Because there are a number of phases between the initiation and deployment of a change, it’s smart to define each step of your process and track how long each takes. Examine your cycle time for a thorough picture of how your team is functioning and further insight into exactly where they can save time.

Be careful not to let the quality of your software delivery suffer in a quest for quicker changes. While a low LTC may indicate that your team is efficient, if they can’t support the changes they’re implementing, or if they’re moving at an unsustainable pace, you risk sacrificing the user experience. Rather than compare your team’s Lead Time for Changes to other teams’ or organizations’ LTC, you should evaluate this metric over time, and consider it as an indication of growth (or stagnancy). 

Deployment Frequency

Deployment Frequency (DF) is how often you ship changes, how consistent your software delivery is. This metric is particularly useful when determining whether your team is meeting goals for continuous delivery. According to the DORA team, these are the benchmarks for Deployment Frequency:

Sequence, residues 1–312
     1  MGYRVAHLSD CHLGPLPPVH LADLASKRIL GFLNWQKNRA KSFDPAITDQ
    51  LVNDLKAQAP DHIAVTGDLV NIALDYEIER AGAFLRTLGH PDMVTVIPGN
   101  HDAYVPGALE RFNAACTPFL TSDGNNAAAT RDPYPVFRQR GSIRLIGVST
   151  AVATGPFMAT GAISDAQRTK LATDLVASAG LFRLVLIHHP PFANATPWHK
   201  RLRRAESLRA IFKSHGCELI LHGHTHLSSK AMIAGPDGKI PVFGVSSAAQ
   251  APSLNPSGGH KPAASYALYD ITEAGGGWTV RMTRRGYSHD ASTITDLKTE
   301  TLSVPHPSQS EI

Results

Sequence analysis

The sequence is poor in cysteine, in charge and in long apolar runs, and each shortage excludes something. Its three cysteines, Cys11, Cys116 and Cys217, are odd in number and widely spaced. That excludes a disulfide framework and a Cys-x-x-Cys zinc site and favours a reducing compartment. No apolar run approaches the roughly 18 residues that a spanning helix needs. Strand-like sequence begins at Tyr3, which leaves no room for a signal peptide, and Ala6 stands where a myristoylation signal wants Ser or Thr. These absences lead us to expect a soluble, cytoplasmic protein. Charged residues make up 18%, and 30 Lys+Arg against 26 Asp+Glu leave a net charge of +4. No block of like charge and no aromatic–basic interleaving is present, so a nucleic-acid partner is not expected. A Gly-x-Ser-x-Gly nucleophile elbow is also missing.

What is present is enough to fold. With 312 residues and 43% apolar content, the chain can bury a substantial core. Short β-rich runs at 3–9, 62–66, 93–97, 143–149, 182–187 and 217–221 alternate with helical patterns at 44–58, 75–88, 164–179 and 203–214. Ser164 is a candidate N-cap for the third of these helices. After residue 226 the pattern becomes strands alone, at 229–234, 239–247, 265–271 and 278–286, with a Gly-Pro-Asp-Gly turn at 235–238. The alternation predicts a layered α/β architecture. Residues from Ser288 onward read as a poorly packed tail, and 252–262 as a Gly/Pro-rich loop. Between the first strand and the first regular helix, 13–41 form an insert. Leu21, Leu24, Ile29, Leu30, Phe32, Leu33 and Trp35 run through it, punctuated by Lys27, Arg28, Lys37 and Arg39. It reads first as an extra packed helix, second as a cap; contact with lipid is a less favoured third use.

• Elite Performers: Multiple times a day
  • High Performers: Once a week to once a month
  • Medium Performers: Once a month to once every 6 months
  • Low Performers: Less than once every 6 months

If your Deployment Frequency is high, it might reveal bottlenecks in your development process, or could indicate that projects are too complex. The best way to enhance your DF is to ship a bunch of small changes, which has a few upsides. Shipping often means you are constantly perfecting your service, and if there is a problem with your code, it’s easier to find and remedy the issue.

If your team is large, this may not be a feasible option. Instead, you may consider building release trains and shipping at regular intervals. This approach will allow you to deploy more often without overwhelming your team members.

Mean Time to Recovery

Mean Time to Recovery (MTTR) is the average amount of time it takes your team to restore service when there’s a service disruption, like an outage. This metric offers a look into the stability of your software, as well as the agility of your team in the face of a challenge. These are the benchmarks identified in the State of DevOps report:

  • Elite Performers: <1 hour